Unaccompanied Minors are Crossing the U.S. Border

With the increasing violence in Mexico and Central America, many children are abandoned or become orphans and flee to the U.S. in an attempt to find refuge. They make their way into the country through any means possible, and many of them end up entering illegally. Because of their potential refugee status, many of them end up staying in the country.

In 2013, 47,000 minors were apprehended at the border – 4,000 minors were ordered home – Of the 4,000, only 1,600 were physically sent back It is estimated that up to 8% of all illegal immigrants are unaccompanied minors. That number is double what it was in 2012, and may only grow in the future.

Why Immigrant Minors Need Deportation Attorneys

In 2008, the Bush administration created a requirement that unaccompanied minors have hearing as part of their deportation prcedures. Thousands of minors are subjected to deportation proceedings yearly, and very few of them have legal representation or any legal help. It is inhuman to expect minors to be able to hold their own against the experienced lawyers that the government has hired. Many of the minors are not even aware of their summons. About one-third of all minor deportation cases are carried out without the minor in question ever being present in court. These children would stand a much better chance of being able to remain in the country if they were given access to deportation attorneys. Statistically, the unaccompanied minors are: – 75% males, 25% females – Mostly from Guatemala, El Salvador, and Honduras – 14-17 years old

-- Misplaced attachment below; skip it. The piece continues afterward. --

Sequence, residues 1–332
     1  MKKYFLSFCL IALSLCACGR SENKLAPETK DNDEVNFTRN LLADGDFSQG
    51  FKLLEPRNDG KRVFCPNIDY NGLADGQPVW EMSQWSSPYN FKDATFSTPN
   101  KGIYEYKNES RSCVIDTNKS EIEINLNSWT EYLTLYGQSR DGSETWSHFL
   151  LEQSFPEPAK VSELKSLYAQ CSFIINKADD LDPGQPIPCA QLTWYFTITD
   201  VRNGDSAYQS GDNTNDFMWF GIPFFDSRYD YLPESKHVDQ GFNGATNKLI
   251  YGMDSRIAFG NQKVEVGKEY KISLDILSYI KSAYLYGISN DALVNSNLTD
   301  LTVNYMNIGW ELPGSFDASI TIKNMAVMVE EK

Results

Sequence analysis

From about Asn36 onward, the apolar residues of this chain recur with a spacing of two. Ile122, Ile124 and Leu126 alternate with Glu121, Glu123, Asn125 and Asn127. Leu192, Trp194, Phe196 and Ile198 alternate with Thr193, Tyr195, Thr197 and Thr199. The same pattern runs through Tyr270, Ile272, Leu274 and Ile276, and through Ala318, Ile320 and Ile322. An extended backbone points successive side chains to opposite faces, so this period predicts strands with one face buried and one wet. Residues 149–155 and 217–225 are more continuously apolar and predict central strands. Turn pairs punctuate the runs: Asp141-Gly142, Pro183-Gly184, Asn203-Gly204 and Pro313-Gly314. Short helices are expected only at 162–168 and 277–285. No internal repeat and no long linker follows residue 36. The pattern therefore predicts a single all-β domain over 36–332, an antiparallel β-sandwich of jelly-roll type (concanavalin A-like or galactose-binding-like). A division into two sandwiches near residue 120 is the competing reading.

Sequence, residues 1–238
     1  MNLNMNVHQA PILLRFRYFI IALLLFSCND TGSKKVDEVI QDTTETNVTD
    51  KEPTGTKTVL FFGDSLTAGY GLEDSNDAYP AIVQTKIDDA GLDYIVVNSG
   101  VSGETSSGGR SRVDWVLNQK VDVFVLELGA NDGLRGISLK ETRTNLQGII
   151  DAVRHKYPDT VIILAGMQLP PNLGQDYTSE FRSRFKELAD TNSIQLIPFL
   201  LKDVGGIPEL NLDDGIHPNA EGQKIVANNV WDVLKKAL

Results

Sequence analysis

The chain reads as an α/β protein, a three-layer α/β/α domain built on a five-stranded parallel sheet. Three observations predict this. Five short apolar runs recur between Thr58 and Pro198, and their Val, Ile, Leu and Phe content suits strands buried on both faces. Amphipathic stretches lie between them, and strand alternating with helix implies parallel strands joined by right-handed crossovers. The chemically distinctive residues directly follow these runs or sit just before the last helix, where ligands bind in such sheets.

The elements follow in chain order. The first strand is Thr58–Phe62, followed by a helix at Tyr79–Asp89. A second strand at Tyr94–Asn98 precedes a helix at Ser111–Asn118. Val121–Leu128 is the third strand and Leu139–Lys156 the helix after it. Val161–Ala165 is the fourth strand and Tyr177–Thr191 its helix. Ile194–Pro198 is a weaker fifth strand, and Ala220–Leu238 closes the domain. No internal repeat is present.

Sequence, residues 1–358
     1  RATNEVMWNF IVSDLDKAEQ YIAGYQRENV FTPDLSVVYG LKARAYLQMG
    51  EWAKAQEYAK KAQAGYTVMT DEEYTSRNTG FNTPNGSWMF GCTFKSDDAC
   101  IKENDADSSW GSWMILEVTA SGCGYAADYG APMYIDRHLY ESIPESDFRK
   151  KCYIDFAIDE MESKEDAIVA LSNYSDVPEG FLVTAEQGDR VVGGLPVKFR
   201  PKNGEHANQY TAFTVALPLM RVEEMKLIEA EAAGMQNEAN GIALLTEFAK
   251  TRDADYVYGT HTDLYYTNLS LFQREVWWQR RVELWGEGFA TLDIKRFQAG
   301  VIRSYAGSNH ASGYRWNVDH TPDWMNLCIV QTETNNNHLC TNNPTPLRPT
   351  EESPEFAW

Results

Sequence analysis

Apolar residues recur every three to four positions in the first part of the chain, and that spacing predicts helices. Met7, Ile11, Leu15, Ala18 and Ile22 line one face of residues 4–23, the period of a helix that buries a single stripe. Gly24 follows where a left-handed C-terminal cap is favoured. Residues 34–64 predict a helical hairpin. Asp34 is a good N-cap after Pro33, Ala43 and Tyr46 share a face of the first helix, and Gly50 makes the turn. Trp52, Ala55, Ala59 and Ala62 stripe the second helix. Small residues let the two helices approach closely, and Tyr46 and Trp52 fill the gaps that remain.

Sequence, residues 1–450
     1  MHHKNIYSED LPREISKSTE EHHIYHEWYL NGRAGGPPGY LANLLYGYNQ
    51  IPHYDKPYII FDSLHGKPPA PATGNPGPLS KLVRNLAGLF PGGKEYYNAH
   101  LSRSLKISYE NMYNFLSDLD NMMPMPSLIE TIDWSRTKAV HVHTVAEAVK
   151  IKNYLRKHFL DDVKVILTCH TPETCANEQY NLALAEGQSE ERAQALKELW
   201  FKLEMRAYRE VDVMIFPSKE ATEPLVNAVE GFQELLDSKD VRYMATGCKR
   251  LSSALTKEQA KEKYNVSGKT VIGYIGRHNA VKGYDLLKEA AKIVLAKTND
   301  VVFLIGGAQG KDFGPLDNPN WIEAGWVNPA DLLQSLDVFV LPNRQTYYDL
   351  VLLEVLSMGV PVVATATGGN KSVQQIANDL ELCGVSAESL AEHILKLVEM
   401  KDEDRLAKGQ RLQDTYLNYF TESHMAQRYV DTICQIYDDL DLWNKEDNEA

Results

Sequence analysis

The Additional Marriage Fraud Issue

Some of the older children engage in marriage fraud – marrying a U.S. citizen to gain access to a green card. After a couple of years, once they have attained permanent residency, they can separate from the U.S. citizen and live legally in the country. Marriage fraud is defined by its opposite. According to the government, a “true” marriage occurs between two people who are committed to one another and implicitly trust one another, as is demonstrated by living together, uniting their bank accounts, and sharing life together. The couple usually has a lot in common, such as: – Language – Religion – Place of residence – Important celebrations – Children A green card is a kind of salvation for many immigrants. Once they have their green cards, the first step on their journeys towards the American dream is completed, and they can begin rebuilding their lives. From a humanitarian perspective, minor immigration is especially controversial. Every human has dignity and should be able to pursue a full life. Sending children back to their war-torn homes does not accomplish this, even though it may theoretically protect our home country. Having adequate legal representation for minors can help ensure that justice is served fairly.